Weldon v. Anaya, No. 1:2015cv00856 - Document 42 (E.D. Cal. 2017)

Court Description: ORDER GRANTING 33 Defendant's Motion for Summary Judgment signed by District Judge Dale A. Drozd on 4/5/2017. CASE CLOSED. (Jessen, A)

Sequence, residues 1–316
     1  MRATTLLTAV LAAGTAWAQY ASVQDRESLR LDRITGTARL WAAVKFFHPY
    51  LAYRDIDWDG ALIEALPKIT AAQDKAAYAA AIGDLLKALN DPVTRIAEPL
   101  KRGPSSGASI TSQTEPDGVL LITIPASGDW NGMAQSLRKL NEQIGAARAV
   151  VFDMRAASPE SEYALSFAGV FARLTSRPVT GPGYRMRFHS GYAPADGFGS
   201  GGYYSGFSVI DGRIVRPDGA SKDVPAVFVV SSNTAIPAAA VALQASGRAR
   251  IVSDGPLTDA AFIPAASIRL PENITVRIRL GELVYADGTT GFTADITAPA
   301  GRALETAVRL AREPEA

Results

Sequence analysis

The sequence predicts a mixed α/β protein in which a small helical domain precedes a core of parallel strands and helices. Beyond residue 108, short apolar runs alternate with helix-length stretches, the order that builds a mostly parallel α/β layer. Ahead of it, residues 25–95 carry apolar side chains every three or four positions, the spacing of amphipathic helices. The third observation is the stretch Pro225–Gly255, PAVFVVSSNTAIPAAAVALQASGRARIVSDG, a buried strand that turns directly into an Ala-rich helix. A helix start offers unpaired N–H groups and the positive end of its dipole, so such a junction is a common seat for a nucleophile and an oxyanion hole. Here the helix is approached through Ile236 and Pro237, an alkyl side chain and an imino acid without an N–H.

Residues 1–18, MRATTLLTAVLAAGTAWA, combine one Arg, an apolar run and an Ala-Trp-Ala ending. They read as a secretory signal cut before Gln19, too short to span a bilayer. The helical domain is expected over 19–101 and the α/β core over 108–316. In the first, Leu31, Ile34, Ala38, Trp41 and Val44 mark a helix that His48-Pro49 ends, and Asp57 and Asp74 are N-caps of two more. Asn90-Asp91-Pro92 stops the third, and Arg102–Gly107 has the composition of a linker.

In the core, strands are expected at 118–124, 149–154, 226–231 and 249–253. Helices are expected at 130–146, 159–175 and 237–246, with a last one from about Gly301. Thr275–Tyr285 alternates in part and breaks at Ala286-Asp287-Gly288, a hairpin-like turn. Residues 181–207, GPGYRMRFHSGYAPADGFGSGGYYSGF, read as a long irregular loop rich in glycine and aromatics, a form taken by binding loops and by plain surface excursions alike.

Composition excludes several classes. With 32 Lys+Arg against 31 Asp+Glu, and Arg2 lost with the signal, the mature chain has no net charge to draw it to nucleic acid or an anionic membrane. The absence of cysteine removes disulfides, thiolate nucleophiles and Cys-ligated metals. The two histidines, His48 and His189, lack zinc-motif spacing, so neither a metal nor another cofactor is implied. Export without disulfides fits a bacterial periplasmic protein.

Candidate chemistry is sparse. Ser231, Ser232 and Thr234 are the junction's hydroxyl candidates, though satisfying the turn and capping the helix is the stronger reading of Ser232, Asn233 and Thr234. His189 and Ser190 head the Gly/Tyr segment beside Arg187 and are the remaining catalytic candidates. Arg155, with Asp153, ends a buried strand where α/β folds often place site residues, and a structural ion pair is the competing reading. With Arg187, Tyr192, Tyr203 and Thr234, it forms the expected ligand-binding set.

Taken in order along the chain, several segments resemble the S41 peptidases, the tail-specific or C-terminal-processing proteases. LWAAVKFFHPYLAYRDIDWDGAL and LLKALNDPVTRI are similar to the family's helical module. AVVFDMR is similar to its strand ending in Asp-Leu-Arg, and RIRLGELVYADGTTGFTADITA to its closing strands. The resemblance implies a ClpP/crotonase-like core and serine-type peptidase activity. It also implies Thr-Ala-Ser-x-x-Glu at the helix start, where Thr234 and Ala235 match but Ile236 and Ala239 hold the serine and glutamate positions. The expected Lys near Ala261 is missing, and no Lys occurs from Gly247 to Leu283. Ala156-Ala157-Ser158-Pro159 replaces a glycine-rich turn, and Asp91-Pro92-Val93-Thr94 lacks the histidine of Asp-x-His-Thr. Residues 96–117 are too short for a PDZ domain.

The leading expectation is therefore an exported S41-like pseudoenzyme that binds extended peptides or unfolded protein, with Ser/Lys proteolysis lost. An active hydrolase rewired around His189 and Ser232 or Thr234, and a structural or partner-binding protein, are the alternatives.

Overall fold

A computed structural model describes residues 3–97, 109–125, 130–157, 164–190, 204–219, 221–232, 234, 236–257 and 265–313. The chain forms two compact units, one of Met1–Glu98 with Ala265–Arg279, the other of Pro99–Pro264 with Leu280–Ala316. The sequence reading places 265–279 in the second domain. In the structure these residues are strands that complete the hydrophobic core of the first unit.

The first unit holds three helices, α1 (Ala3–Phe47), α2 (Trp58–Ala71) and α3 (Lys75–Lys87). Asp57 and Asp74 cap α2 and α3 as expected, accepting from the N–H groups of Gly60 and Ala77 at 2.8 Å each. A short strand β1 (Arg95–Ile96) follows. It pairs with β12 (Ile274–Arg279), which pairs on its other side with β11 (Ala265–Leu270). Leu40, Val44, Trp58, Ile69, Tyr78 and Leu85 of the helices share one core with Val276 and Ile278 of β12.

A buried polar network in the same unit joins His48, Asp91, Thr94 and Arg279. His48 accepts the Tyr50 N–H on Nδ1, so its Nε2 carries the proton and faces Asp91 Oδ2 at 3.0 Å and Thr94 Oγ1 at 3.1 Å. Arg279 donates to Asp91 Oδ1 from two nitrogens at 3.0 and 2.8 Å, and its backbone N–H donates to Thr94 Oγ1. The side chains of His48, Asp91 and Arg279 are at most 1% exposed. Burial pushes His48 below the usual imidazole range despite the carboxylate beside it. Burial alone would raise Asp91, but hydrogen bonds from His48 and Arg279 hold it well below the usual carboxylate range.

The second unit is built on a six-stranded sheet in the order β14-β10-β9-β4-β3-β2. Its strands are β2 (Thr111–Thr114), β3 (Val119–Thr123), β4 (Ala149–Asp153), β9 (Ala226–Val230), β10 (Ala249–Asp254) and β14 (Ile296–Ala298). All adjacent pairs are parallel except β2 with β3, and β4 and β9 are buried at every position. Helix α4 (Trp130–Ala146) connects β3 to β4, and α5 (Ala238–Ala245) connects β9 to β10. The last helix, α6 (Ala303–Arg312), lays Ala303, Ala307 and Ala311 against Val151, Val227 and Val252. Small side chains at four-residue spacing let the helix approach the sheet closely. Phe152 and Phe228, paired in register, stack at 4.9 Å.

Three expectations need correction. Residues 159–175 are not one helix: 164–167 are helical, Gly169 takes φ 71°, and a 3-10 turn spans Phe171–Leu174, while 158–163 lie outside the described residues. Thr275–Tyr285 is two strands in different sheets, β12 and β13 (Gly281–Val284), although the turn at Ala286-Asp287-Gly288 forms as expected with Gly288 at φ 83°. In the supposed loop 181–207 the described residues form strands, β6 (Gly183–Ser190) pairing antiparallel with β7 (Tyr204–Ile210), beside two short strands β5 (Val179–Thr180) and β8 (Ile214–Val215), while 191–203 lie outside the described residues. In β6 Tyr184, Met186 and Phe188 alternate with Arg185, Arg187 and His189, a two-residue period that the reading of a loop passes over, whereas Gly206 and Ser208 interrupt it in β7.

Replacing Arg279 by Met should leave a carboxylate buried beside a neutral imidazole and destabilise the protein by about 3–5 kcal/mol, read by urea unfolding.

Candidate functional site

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1 2 3 4 5 6 7 8 UNITED STATES DISTRICT COURT 9 FOR THE EASTERN DISTRICT OF CALIFORNIA 10 11 PAUL WELDON, 12 No. 1:15-cv-00856-DAD-MJS Plaintiff, 13 v. 14 RUDY ANAYA, ORDER GRANTING MOTION FOR SUMMARY JUDGMENT (Doc. No. 33) 15 Defendants. 16 Plaintiff Paul Weldon is proceeding pro se with this civil rights action against defendant 17 18 City of Fresno police officer Rudy Anaya. Plaintiff’s first amended complaint1, the operative 19 pleading in this action, was filed on November 20, 2015, and alleges the following causes of 20 action: (1) an unlawful seizure in violation 42 U.S.C. § 1983; and (2) false arrest and false 21 imprisonment. (Doc. No. 5.) On December 19, 2016, during the pretrial conference in this 22 matter, the court determined that it was appropriate to reopen law and motion to allow for a 23 motion for summary judgment to be filed. (Doc. No. 31.) Subsequently, on January 9, 2017, 24 defendant Anaya moved for summary judgment under Federal Rule of Civil Procedure (“Rule”) 25 56(a). (Doc. No. 33.) On February 6, 2017, plaintiff filed an opposition to the motion for 26 1 27 28 Plaintiff’s complaint is not verified in conformity with 28 U.S.C. § 1746, in that plaintiff did not declare under penalty of perjury that the contents thereof were true and correct. (See Doc. No. 5 at 5). Therefore, the complaint cannot function as an affidavit in opposition to summary judgment under Rule 56. See Fed. R. Civ. P. 56(e). 1 1 summary judgment and, on February 13, 2017, defendant filed a reply. (Doc. Nos. 35, 36, 37.) 2 Plaintiff filed a second opposition to the pending motion two days before the hearing on February 3 21, 2017. (Doc. No. 39.)2 4 The matter came before the court for hearing on February 23, 2017. (Doc. No. 41.) 5 Deputy City Attorney Erica Mercado Camarena appeared on behalf of defendant Anaya and 6 plaintiff Weldon appeared telephonically in pro se on his own behalf. (Id.) For the reasons set 7 forth below, defendant’s motion for summary judgment will be granted. 8 I. STATEMENT OF FACTS 9 Defendant Anaya has filed a statement of undisputed facts in support of his motion for 10 summary judgment. (Doc. No. 33-2.) In addition, in support of his motion defendant has filed 11 declarations by his counsel Deputy City Attorney Erica Camarena, Rose Miranda, Anthony 12 DeWall, Tom Rowe, and himself. (Doc. Nos. 33-3, 33-4, 33-5, 33-6, 33-7.) Finally, defendant 13 has lodged with the court, plaintiff Weldon’s original deposition transcript and a video recording 14 of that deposition. (Doc. No. 33-8.) Plaintiff, however, failed to comply with Local Rule 260(b) 15 by not reproducing defendant’s itemized facts set forth in defendant’s statement of undisputed 16 facts and admitting the facts that are undisputed and denying those that are disputed. Indeed, the 17 only evidence plaintiff timely submitted in opposition to the pending motion as defendant 18 Anaya’s self-authenticating, signed oath of office form attached as exhibit “A1” to plaintiff’s 19 opposition to the motion for summary judgment.3 (Doc. No. 36 at 17.) 20 Plaintiff also submitted an untimely declaration just two days before the hearing on the 21 pending motion for summary judgment. (Doc. No. 40.) The declaration, however, does not 22 comply with 28 U.S.C. § 1746, which requires that a declaration be subscribed as true under 23 24 25 2 Plaintiff’s second opposition and an accompanying declaration were untimely under Local Rule 230(c). Nevertheless, considering plaintiff’s pro se status, the court will consider the untimely filing in ruling on the pending motion. 3 26 27 28 Plaintiff also attached two other documents as exhibits to his opposition that were neither properly authenticated pursuant to Federal Rule of Evidence 901 nor self-authenticated pursuant to Federal Rule of Evidence 902—one is another document regarding defendant Anaya’s oath of office and the other is a notice of a rejection of plaintiff’s administrative claim by the City of Fresno on August 27, 2013. (See Doc. No. 36 at 16, 18.) 2 1 penalty of perjury, and be executed substantially in the statutory form, which requires a declarant 2 to swear “under penalty of perjury that the foregoing is true and correct.” 28 U.S.C. § 1746. 3 Although a lack of swearing to the declaration may not be a fatal defect, the declaration must be 4 made under penalty of perjury and must be attested to be true. Cobell v. Norton, 310 F.Supp.2d 5 77, 84 (D.D.C. 2004) (statement of truth based on “knowledge, information, and belief” are 6 insufficient); Kersting v. United States, 865 F. Supp. 669, 676–77 (D. Haw. 1994) (necessary 7 elements are that the unsworn declaration contains the phrase “under penalty of perjury” and 8 states that the document is true). Here, plaintiff’s declaration states only “I hereby declare that 9 the foregoing is correct and true to the best of my knowledge, information and belief.” (Doc. No. 10 40 at 3.) The declaration also fails to contain the phrase “under penalty of perjury” and therefore 11 does not conform with 28 U.S.C. § 1746. Accordingly, the document submitted by plaintiff is not 12 a sworn declaration in opposition to summary judgment under Rule 56. See also Columbia 13 Pictures Indus., Inc. v. Professional Real Estate Investors, Inc., 944 F.2d 1525, 1529 (9th Cir. 14 1991) (rejecting an affidavit because it was “not based on personal knowledge, but on information 15 and belief”), aff’d, 508 U.S. 49 (1993). In any event, even if plaintiff’s declaration was 16 admissible, it would not create a genuine dispute as to any material fact.4 17 The evidence before the court on summary judgment establishes the following. On July 5, 18 2013, as part of the DUI enforcement campaign, the Fresno Police Department, Traffic Bureau 19 established a DUI checkpoint at Wishon and Hedges Avenues in Fresno, California. (Doc. Nos. 20 33-2 at 4 and 33-6 at 2.) Sergeant Anthony DeWall was the supervisor tasked with overseeing 21 the operation of the checkpoint. (Id.) The operation plan included numerous reflectorized stop 22 signs, DUI checkpoint advisory signage, cones leading up to the checkpoint in order to control 23 lanes, and numerous police patrol cars and motorcycles with lights activated. (Doc. Nos. 33-2 at 24 5 and 33-6 at 2.) Sergeant DeWall was also tasked with supervising defendant officer Anaya, 25 4 26 27 28 In that declaration, plaintiff primarily makes legal arguments and states legal conclusions. He does submit one new fact, asserting that the vehicle stop to which he was subjected took twentyfive minutes, instead of the twenty-three minutes he alleges in his complaint. (See Doc. No. 40 at 2.) Otherwise, the facts set out in his declaration are consistent with the allegations and evidence already before the court. 3 1 who was assigned to monitor any vehicles that attempted to pull out of the DUI checkpoint line. 2 (Id.) At or about 10:00 p.m. on July 5, 2013, defendant officer Anaya observed plaintiff’s van 3 4 travelling southbound on Wishon Avenue near Hedges (a one-way street) headed towards the 5 DUI checkpoint. (Doc. Nos. 33-2 at 5 and 33-5 at 2.) As the vehicle approached the coned area 6 of the DUI checkpoint, defendant Anaya saw the van stop, reverse and move backwards against 7 traffic, and turn into an apartment complex parking lot. (Id.) Because the van travelled in reverse 8 on a one-way street and because it pulled out of the coned area of the DUI checkpoint, defendant 9 Anaya concluded that he had reasonable suspicion justifying the initiation of a traffic stop based 10 upon violations of Vehicle Code §§ 21657 and 2814.2. (Id.) Plaintiff has alleged he was 11 travelling down Wishon Avenue when he received a call on his cell phone and, in the interest of 12 safety, he pulled over to the side of the road to take the call and backed up into an apartment 13 complex parking lot. (Doc. Nos. 5 at 2; 33-2 at 2; 33-3 at 16, 35.)5 It is undisputed that plaintiff 14 did not live at that apartment complex nor did he know anyone who resided there. (Doc. Nos. 15 33-2 at 2 and 33-3 at 18.) 16 Defendant officer Anaya initiated a traffic stop and parked his department-issued 17 motorcycle in front of plaintiff’s van, blocking its movement. Defendant Anaya, in uniform, 18 approached plaintiff’s van. (Doc. Nos. 33-2 at 2 and 33-3 at 21.) Defendant Anaya told plaintiff 19 to place the van in park and asked him for his driver’s license, and plaintiff complied. (Doc. Nos. 20 33-2 at 3 and 33-3 at 19, 23.) Defendant Anaya told plaintiff there was a DUI checkpoint just 21 ahead on Wishon. (Doc. Nos. 33-2 at 3 and 33-3 at 25.) Defendant Anaya took plaintiff’s 22 driver’s license and, according to plaintiff, officer Anaya then “did his thing, called in, made the 23 check . . . on the radio.” (Doc. Nos. 33-2 at 3 and 33-3 at 24, 27.) At or about 10:03 p.m., 24 defendant Anaya ran a search of plaintiff’s driver’s license through the Police Department’s 25 5 26 27 28 Plaintiff includes a substantially similar explanation for why he drove in reverse and into the driveway in his defective declaration. (See Doc. No. 40 at 1.) Even if the declaration had been executed under penalty of perjury, it would make no difference to the resolution of the pending motion. Plaintiff’s version of the vents does not undercut the basis of defendant Anaya’s reasonable suspicion justifying the vehicle stop as discussed below. 4 1 Record Management System and confirmed it was valid. (Doc. Nos. 33-2 at 5 and 33-5 at 3.) 2 After observing that plaintiff appeared sober, defendant Anaya handed back plaintiff’s 3 driver’s license and allowed him to leave without further incident and without citing him for any 4 traffic violations. (Id.; Doc. Nos. 33-2 at 33-3 at 27.) According to plaintiff defendant Anaya: (1) 5 did nothing to evaluate his sobriety (Doc. Nos. 33-2 at 33-3 at 26); did not ask plaintiff to step out 6 of his vehicle (Id.); did not handcuff plaintiff, read him his Miranda rights, or tell plaintiff he was 7 under arrest (Doc. Nos. 33-2 at 33-3 at 28); never touched plaintiff and did not pull his gun or 8 Taser out (Doc. Nos. 33-2 at 33-3 at 29–30). Defendant Anaya estimated that it takes 9 approximately five minutes to run a driver’s license check on a subject. (Doc Nos. 33-2 at 6 and 10 33-5 at 3.) He estimated that plaintiff’s detention may have been a little longer because it was the 11 Fourth of July holiday weekend, but it would be unusual for it to have taken longer than fifteen 12 minutes to run the check on plaintiff’s driver’s license. (Id.)6 At no time during the evening of July 5, 2013, was it ever brought to Sergeant DeWall’s 13 14 attention that plaintiff had made a complaint, expressed a concern, or leveled an allegation that he 15 had been unlawfully arrested. (Doc. No. 33-2 at 5 and 33-6 at 3.) At no time that evening did 16 Sergeant DeWall observe defendant Anaya do anything inappropriate or unbecoming of an 17 officer. (Id.) 18 Plaintiff presented a claim for damages with respect to this incident to the City of Fresno 19 on July 18, 2013. (Doc. Nos. 33-2 at 8 and 33-4 at 4–5.) On August 27, 2013, the City of Fresno 20 served plaintiff with a notice of rejection of claim at his address as identified on the claim for 21 damages which he had submitted. (Doc. Nos. 33-2 at 8 and 33-4 at 7–8.) The notice informed 22 plaintiff that, subject to certain exceptions, he had only six months from the date of the notice to 23 file a court action with respect to his claim. (Id.) The present action was filed in this court on 24 June 8, 2015. (Doc. No. 1.) 25 6 26 27 28 In his first amended complaint, plaintiff alleges the investigation following the stop of his vehicle took twenty-three minutes. (See Doc. No. 5 at 2.) As noted above, in his defective declaration plaintiff states that the stop took twenty-five minutes. (See Doc. No. 40 at 2.) In any event, even if the stop lasted twenty-five minutes before plaintiff was told he was free to go, under the facts of this case, the court would still find as a matter of law that no constitutional violation occurred. 5 1 II. 2 Summary judgment is appropriate when the moving party “shows that there is no genuine 3 dispute as to any material fact and the movant is entitled to judgment as a matter of law.” Fed. R. 4 Civ. P. 56(a). 5 LEGAL STANDARD In summary judgment practice, the moving party “initially bears the burden of proving the 6 absence of a genuine issue of material fact.” In re Oracle Corp. Sec. Litig., 627 F.3d 376, 387 7 (9th Cir. 2010) (citing Celotex Corp. v. Catrett, 477 U.S. 317, 323 (1986)). The moving party 8 may accomplish this by “citing to particular parts of materials in the record, including 9 depositions, documents, electronically stored information, affidavits or declarations, stipulations 10 (including those made for purposes of the motion only), admissions, interrogatory answers, or 11 other materials” or by showing that such materials “do not establish the absence or presence of a 12 genuine dispute, or that the adverse party cannot produce admissible evidence to support the 13 fact.” Fed. R. Civ. P. 56(c)(1)(A), (B). When the non-moving party bears the burden of proof at 14 trial, “the moving party need only prove that there is an absence of evidence to support the 15 non-moving party’s case.” Oracle Corp., 627 F.3d at 387 (citing Celotex, 477 U.S. at 325.); see 16 also Fed. R. Civ. P. 56(c)(1)(B). Indeed, summary judgment should be entered, after adequate 17 time for discovery and upon motion, against a party who fails to make a showing sufficient to 18 establish the existence of an element essential to that party’s case, and on which that party will 19 bear the burden of proof at trial. See Celotex, 477 U.S. at 322. “[A] complete failure of proof 20 concerning an essential element of the nonmoving party’s case necessarily renders all other facts 21 immaterial.” Id. In such a circumstance, summary judgment should be granted, “so long as 22 whatever is before the district court demonstrates that the standard for the entry of summary 23 judgment . . . is satisfied.” Id. at 323. 24 If the moving party meets its initial responsibility, the burden then shifts to the opposing 25 party to establish that a genuine issue as to any material fact actually does exist. See Matsushita 26 Elec. Indus. Co. v. Zenith Radio Corp., 475 U.S. 574, 586 (1986). In attempting to establish the 27 existence of this factual dispute, the opposing party may not rely upon the allegations or denials 28 of its pleadings but is required to tender evidence of specific facts in the form of affidavits, and/or 6 1 admissible discovery material, in support of its contention that the dispute exists. See Fed. R. 2 Civ. P. 56(c)(1); Matsushita, 475 U.S. at 586 n.11; Orr v. Bank of America, NT & SA, 285 F.3d 3 764, 773 (9th Cir. 2002) (“A trial court can only consider admissible evidence in ruling on a 4 motion for summary judgment.”). The opposing party must demonstrate that the fact in 5 contention is material, i.e., a fact that might affect the outcome of the suit under the governing 6 law, see Anderson v. Liberty Lobby, Inc., 477 U.S. 242, 248 (1986); T.W. Elec. Serv., Inc. v. 7 Pacific Elec. Contractors Ass’n, 809 F.2d 626, 630 (9th Cir. 1987), and that the dispute is 8 genuine, i.e., the evidence is such that a reasonable jury could return a verdict for the nonmoving 9 party. See Wool v. Tandem Computers, Inc., 818 F.2d 1433, 1436 (9th Cir. 1987). 10 In the endeavor to establish the existence of a factual dispute, the opposing party need not 11 establish a material issue of fact conclusively in its favor. It is sufficient that “the claimed factual 12 dispute be shown to require a jury or judge to resolve the parties’ differing versions of the truth at 13 trial.” T.W. Elec. Serv., 809 F.2d at 631. Thus, the “purpose of summary judgment is to ‘pierce 14 the pleadings and to assess the proof in order to see whether there is a genuine need for trial.’” 15 Matsushita, 475 U.S. at 587 (citations omitted). 16 “In evaluating the evidence to determine whether there is a genuine issue of fact,” the 17 court draws “all inferences supported by the evidence in favor of the non-moving party.” Walls v. 18 Central Costa Cty. Transit Auth., 653 F.3d 963, 966 (9th Cir. 2011). It is the opposing party’s 19 obligation to produce a factual predicate from which the inference may be drawn. See Richards 20 v. Nielsen Freight Lines, 602 F. Supp. 1224, 1244–45 (E.D. Cal. 1985), aff’d, 810 F.2d 898, 902 21 (9th Cir. 1987). Finally, to demonstrate a genuine issue, the opposing party “must do more than 22 simply show that there is some metaphysical doubt as to the material facts. . . . Where the record 23 taken as a whole could not lead a rational trier of fact to find for the non-moving party, there is no 24 ‘genuine issue for trial.’” Matsushita, 475 U.S. at 587 (citation omitted). 25 III. 26 A. Plaintiff’s Constitutional Rights Were Not Violated. 27 Summary judgment in defendant’s favor as to plaintiff’s first cause of action must be 28 ANALYSIS granted because, as explained below, the undisputed evidence on summary judgment establishes 7 1 2 3 4 5 that plaintiff was not unlawfully seized in violation of the Fourth Amendment. The Civil Rights Act under which plaintiff’s first cause of action was brought provides: Every person who, under color of [state law] . . . subjects, or causes to be subjected, any citizen of the United States . . . to the deprivation of any rights, privileges, or immunities secured by the Constitution . . . shall be liable to the party injured in an action at law, suit in equity, or other proper proceeding for redress. 6 42 U.S.C. § 1983. Thus, in order to make out a valid claim under § 1983, a plaintiff must allege 7 and eventually prove that: (1) the conduct complained of was committed by a person acting under 8 color of state law; (2) this conduct deprived a person of constitutional rights; and (3) there is an 9 actual connection or link between the actions of the defendants and the deprivation allegedly 10 suffered by plaintiff. See Parratt v. Taylor, 451 U.S. 527, 535 (1981); Monell v. Dep’t of Soc. 11 Servs., 436 U.S. 658, 690–695 (1978); Rizzo v. Goode, 423 U.S. 362, 370–371 (1976). “A person 12 ‘subjects’ another to the deprivation of a constitutional right, within the meaning of § 1983, if he 13 does an affirmative act, participates in another’s affirmative acts or omits to perform an act which 14 he is legally required to do that causes the deprivation of which complaint is made.” Johnson v. 15 Duffy, 588 F.2d 740, 743 (9th Cir. 1978). Here, under the undisputed evidence before the court 16 on summary judgment, it is clear that defendant Anaya never deprived plaintiff of any 17 constitutional right. 18 The Fourth Amendment, which applies to the states through the Fourteenth Amendment, 19 protects against unreasonable searches and seizures by law enforcement officers. Mapp v. Ohio, 20 367 U.S. 643, 655 (1961). The Fourth Amendment requires law enforcement officers to have at 21 least a reasonable suspicion of criminal activity before making a brief investigatory stop (“Terry 22 stop”). See Terry v. Ohio, 392 U.S. 1, 9 (1968); United States v. Johnson, 581 F.3d 994, 999 (9th 23 Cir. 2009) (“Police may detain or seize an individual for brief, investigatory purposes, provided 24 the officers making the stop have reasonable suspicion that criminal activity may be afoot.”) 25 (citation and internal quotation marks omitted). “While reasonable suspicion requires 26 ‘considerably less than proof of wrongdoing by a preponderance of the evidence,’ an officer must 27 be able to articulate facts creating grounds to suspect that criminal activity ‘may be afoot.’” 28 Ramirez v. City of Buena Park, 560 F.3d 1012, 1020 (9th Cir. 2009) (quoting United States v. 8 1 Sokolow, 490 U.S. 1, 7 (1989)). “Reasonableness . . . is measured in objective terms by 2 examining the totality of the circumstances.” Ohio v. Robinette, 519 U.S. 33, 39 (1996). “In a 3 traffic-stop setting, the first Terry condition—a lawful investigatory stop—is met whenever it is 4 lawful for police to detain an automobile and its occupants pending inquiry into a vehicular 5 violation.” Arizona v. Johnson, 555 U.S. 323, 327 (2009); see also Thomas v. Dillard, 818 F.3d 6 864, 875 (9th Cir. 2016). 7 Here, the undisputed evidence on summary judgment establishes that the DUI checkpoint 8 included numerous reflectorized stop signs, checkpoint advisory signage, cones leading up to the 9 checkpoint to control traffic lanes, and numerous police patrol cars and motorcycles with 10 emergency lights activated. The undisputed evidence further reflects that defendant officer 11 Anaya saw plaintiff’s van stop short of the checkpoint, put his vehicle into reverse, back up, and 12 pull into the apartment complex parking lot. California Vehicle Code § 2814.2(a) provides: 13 A driver of a motor vehicle shall stop and submit to a sobriety checkpoint inspection conducted by a law enforcement agency when signs and displays are posted requiring that stop. 14 15 Based upon the undisputed evidence before the court on summary judgment, defendant Anaya 16 thus had a reasonable suspicion to believe plaintiff had violated § 2814.2 and the stop of 17 plaintiff’s vehicle on this ground was clearly justified. 18 Moreover, the evidence on summary judgment also demonstrates that defendant officer 19 Anaya saw plaintiff’s van stop and then travel backwards against traffic on a one-way street. 20 California Vehicle Code § 21657 provides: 21 The authorities in charge of any highway may designate any highway, roadway, part of a roadway, or specific lanes upon which vehicular traffic shall proceed in one direction at all or such times as shall be indicated by official traffic control devices. When a roadway has been so designated, a vehicle shall be driven only in the direction designated at all or such times as shall be indicated by traffic control devices. 22 23 24 25 Given this evidence, defendant officer Anaya thus also had a reasonable suspicion to believe 26 ///// 27 ///// 28 ///// 9 1 plaintiff violated § 21657 and the vehicle stop was justified on that basis as well.7 2 Accordingly, defendant officer Anaya was justified in making a lawful investigatory stop 3 to inquire into the vehicle code violations he had observed. The stop of plaintiff’s vehicle was 4 nothing more than a routine traffic stop. As the Supreme Court has explained, “[a] lawful 5 roadside stop begins when a vehicle is pulled over for investigation of a traffic violation. The 6 temporary seizure of driver and passengers ordinarily continues, and remains reasonable, for the 7 duration of the stop.” Arizona, 555 U.S. at 333. The undisputed evidence on summary judgment 8 is that after initiating the traffic stop defendant Anaya took plaintiff’s driver’s license and called 9 in the information over his police radio so that a search of the Police Department’s Record 10 Management System could be performed. The undisputed evidence further establishes that after 11 the records check was run on his license and defendant Anaya observed that plaintiff, in fact, 12 appeared to be sober, Anaya handed back plaintiff his license and allowed him to leave the scene 13 without further incident. There is no evidence before the court on summary judgment indicating 14 that the stop of plaintiff’s vehicle exceeded the time necessary to handle the matter for which the 15 stop was made. See Rodriguez v. United States, ___U.S.___, ___, 135 S. Ct. 1609, 1615 (2015) 16 (beyond determining whether to issue a traffic ticket, an officer’s mission in a traffic stop 17 includes ordinary inquiries incident to the stop, including checking the driver’s license, 18 determining whether there are outstanding warrants against the driver, and inspecting the 19 automobile’s registration and proof of insurance and he may not prolong the stop beyond the time 20 necessary to carry out these tasks absent the reasonable suspicion necessary to justify detaining 21 the individual); Berkemer v. McCarty, 468 U.S. 420, 437 (1984) (a records check is an expected 22 part of a traffic stop). 23 ///// 24 7 25 26 27 28 Plaintiff argues, in effect, that defendant Anaya did not have reasonable suspicion to effectuate a traffic stop because he did not issue plaintiff a ticket or a notice to appear for a traffic violation. (See Doc. No. 39 at 6.) However, the issuance of a ticket or notice to appear is by no means necessary for a finding of reasonable suspicion. As indicated by the court at the hearing, the mere fact that the officer exercised his discretion to show leniency to plaintiff by not issuing him a citation is certainly no reason to question that reasonable suspicion existed justifying the vehicle stop in the first instance. 10 1 Accordingly, here the evidence on summary judgment establishes that the vehicle stop on 2 a busy Fourth of July weekend—whether of fifteen, twenty-three or twenty-five minutes in 3 duration—was reasonable and no longer than necessary. Consequently, defendant Anaya’s traffic 4 stop of plaintiff did not violate the Fourth Amendment.8 Therefore, summary judgment will be 5 granted in favor of defendant with respect to this claim advanced by plaintiff.9 6 B. Plaintiff’s State Law Claims Are Barred by the Applicable Statute of Limitations. 7 Summary judgment must also be granted in favor of defendant with respect to plaintiff’s 8 second cause of action for false arrest and false imprisonment because, for the reasons explained 9 below, those claims are barred by the applicable statute of limitations. 10 California Government Code § 911.2(a) provides: 11 14 A claim relating to a cause of action for death or for injury to person or to personal property or growing crops shall be presented as provided in Article 2 (commencing with Section 915) not later than six months after the accrual of the cause of action. A claim relating to any other cause of action shall be presented as provided in Article 2 (commencing with Section 915) not later than one year after the accrual of the cause of action. 15 Here, plaintiff timely presented an administrative claim for damages to the City of Fresno on July 16 18, 2013. (Doc. Nos. 33-2 at 8 and 33-4 at 4–5.) However, on August 27, 2013, the City of 17 Fresno properly served plaintiff with a notice of rejection of claim at the address identified by 18 plaintiff on his claim for damages. (Doc. Nos. 33-2 at 8 and 33-4 at 7–8.) The notice informed 12 13 19 20 21 22 23 24 25 26 27 28 8 Plaintiff argues that defendant Anaya was impersonating a police officer and that his oath of office was defective. (See Doc. No. 36 at 6–10.) However, plaintiff has presented no evidence to support this allegation. Indeed, the oath of office document plaintiff has attached as an exhibit to his opposition to the pending motion indicates that defendant Anaya is a sworn officer. (Doc. No. 39 at 21.) Moreover, even if defendant Anaya’s oath of office was in some way defective, as plaintiff claims, the de facto officer doctrine, “confers validity upon acts performed by a person acting under the color of official title even though it is later discovered that the legality of that person’s appointment or election to office is deficient.” Ryder v. United States, 515 U.S. 177, 180 (1995). Finally, the declarations of DeWall, Rowe, and defendant Anaya, submitted by defendant in support of the pending motion, all attest to the fact that defendant Anaya is a fully sworn peace office employed by the Fresno Police Department. (See Doc. Nos. 33-5 at 1; 33-6 at 2-3; 33-7 at 3–4.) There is no evidence indicating otherwise before the court on summary judgment. 9 Since Weldon’s constitutional rights were not violated, the court does not need to reach Anaya’s arguments that he is entitled to good faith and qualified immunity. 11 1 plaintiff that, subject to certain exceptions, he only had six months from the date of the notice to 2 file a court action with respect to his claim. (Id.) Nonetheless, plaintiff did not file the present 3 civil action until almost two years later, on June 8, 2015. (Doc. No. 1.) Accordingly, plaintiff’s 4 state law claims for false arrest and false imprisonment are barred by governing the statute of 5 limitations and summary judgment with respect to these claims must be granted in favor of 6 defendant. 7 IV. 8 For all of the reasons set forth above: 9 1) Defendant’s motion for summary judgment (Doc. No. 33) is granted; and 10 2) The Clerk of the Court is directed to enter judgment in favor of defendant Rudy Anaya 11 12 13 14 CONCLUSION and to close this case. IT IS SO ORDERED. Dated: April 5, 2017 UNITED STATES DISTRICT JUDGE 15 16 17 18 19 20 21 22 23 24 25 26 27 28 12